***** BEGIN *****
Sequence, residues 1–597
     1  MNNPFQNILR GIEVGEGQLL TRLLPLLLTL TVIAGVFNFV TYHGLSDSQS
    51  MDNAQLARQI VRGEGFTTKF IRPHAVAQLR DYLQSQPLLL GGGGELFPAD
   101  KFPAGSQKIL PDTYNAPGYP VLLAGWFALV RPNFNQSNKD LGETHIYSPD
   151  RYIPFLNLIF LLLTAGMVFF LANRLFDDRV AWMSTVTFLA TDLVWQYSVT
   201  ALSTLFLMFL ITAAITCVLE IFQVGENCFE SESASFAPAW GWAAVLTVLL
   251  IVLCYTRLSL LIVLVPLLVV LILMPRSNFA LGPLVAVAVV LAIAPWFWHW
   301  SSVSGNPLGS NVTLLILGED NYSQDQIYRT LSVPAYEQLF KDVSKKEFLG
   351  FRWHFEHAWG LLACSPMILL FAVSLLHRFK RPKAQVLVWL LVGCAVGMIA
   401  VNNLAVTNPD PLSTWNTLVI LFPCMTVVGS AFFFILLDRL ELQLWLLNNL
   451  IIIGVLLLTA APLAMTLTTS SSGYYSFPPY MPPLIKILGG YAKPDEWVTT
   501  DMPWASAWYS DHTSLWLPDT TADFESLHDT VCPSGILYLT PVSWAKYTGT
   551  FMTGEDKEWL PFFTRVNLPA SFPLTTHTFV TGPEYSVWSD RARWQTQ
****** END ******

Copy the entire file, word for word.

Sequence, residues 1–597
     1  MNNPFQNILR GIEVGEGQLL TRLLPLLLTL TVIAGVFNFV TYHGLSDSQS
    51  MDNAQLARQI VRGEGFTTKF IRPHAVAQLR DYLQSQPLLL GGGGELFPAD
   101  KFPAGSQKIL PDTYNAPGYP VLLAGWFALV RPNFNQSNKD LGETHIYSPD
   151  RYIPFLNLIF LLLTAGMVFF LANRLFDDRV AWMSTVTFLA TDLVWQYSVT
   201  ALSTLFLMFL ITAAITCVLE IFQVGENCFE SESASFAPAW GWAAVLTVLL
   251  IVLCYTRLSL LIVLVPLLVV LILMPRSNFA LGPLVAVAVV LAIAPWFWHW
   301  SSVSGNPLGS NVTLLILGED NYSQDQIYRT LSVPAYEQLF KDVSKKEFLG
   351  FRWHFEHAWG LLACSPMILL FAVSLLHRFK RPKAQVLVWL LVGCAVGMIA
   401  VNNLAVTNPD PLSTWNTLVI LFPCMTVVGS AFFFILLDRL ELQLWLLNNL
   451  IIIGVLLLTA APLAMTLTTS SSGYYSFPPY MPPLIKILGG YAKPDEWVTT
   501  DMPWASAWYS DHTSLWLPDT TADFESLHDT VCPSGILYLT PVSWAKYTGT
   551  FMTGEDKEWL PFFTRVNLPA SFPLTTHTFV TGPEYSVWSD RARWQTQ